A gilded coffin stolen in 2011 is to be returned to Egypt by New York's Metropolitan Museum of Art.
In a repatriation ceremony on Wednesday, Manhattan District Attorney Cyrus R. Vance Jr. announced the return of the coffin of Nedjemankh, a high-ranking priest of the ram god Heryshaf.
The wooden coffin, covered in gold, was made in Egypt between approximately 150 and 50 BC and is inscribed Nedjemankh's name.
The Metropolitan Museum of Art purchased the coffin for around $4 million (€3.7m) in 2017. It was on view until February this year, when the museum found out it was stolen, according to its website.
Antiquities theft has flourished in Egypt since its 2011 uprising, with an indeterminate amount of heritage being stolen from museums, mosques and storage facilities, and illegal excavations taking place.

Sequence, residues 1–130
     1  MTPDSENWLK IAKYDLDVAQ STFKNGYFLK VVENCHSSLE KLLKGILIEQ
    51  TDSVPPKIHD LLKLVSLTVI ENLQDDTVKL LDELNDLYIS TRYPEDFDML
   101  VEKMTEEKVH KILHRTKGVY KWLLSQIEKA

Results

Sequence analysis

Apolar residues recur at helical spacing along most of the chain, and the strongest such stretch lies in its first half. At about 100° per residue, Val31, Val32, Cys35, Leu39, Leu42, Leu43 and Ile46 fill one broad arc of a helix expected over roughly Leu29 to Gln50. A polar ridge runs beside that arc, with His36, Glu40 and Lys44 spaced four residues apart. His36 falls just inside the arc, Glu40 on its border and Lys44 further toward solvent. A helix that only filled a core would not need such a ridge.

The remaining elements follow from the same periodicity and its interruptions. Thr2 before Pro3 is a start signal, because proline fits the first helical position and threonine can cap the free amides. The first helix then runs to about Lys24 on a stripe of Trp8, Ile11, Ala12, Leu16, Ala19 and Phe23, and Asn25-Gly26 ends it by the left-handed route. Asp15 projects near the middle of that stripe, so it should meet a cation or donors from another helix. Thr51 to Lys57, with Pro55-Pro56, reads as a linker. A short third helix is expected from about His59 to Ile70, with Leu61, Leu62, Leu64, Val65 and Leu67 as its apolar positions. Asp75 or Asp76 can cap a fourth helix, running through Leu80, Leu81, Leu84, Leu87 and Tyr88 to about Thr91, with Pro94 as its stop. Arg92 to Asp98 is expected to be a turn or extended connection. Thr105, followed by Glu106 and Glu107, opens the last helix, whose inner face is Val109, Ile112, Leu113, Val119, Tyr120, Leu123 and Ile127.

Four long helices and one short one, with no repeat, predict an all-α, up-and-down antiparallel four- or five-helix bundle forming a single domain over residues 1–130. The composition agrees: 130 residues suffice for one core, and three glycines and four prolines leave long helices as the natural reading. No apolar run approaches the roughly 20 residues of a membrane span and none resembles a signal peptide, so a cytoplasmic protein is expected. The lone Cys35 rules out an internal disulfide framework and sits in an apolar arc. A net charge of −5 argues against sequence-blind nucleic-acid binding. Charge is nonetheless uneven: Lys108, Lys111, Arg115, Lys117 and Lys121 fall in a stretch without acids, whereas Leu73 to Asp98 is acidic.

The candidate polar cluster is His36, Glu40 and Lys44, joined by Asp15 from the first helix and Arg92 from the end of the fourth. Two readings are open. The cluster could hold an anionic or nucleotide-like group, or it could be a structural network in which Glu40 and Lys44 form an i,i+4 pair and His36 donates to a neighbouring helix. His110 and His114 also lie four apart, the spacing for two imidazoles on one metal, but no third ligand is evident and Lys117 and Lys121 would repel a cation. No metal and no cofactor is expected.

Vance explained the journey of the coffin of Nedjemankh from Egypt to the US. "This coffin was actually buried in Egypt for more than 2,000 years until it was looted in 2011. From there, in 2011, the coffin was illegally transported to a warehouse in Dubai and subsequently shipped to Germany for restoration and then went to France for sale.
"It finally arrived here in New York in 2017, where it was sold to the Metropolitan Museum of Art by a French dealer. Our office has been investigating this network for more than seven years."
Egyptian minister of foreign affairs Sameh Shoukry added: "I want to congratulate both countries for the success in their relentless efforts that have resulted eventually in the repatriation of the coffin to its homeland.
"It is not the protection of our heritage, but it's the protection of mankind's heritage. This is not only for Egyptians, but this is for our common human heritage and our sense that we all share in the values and we all are one of the same international family."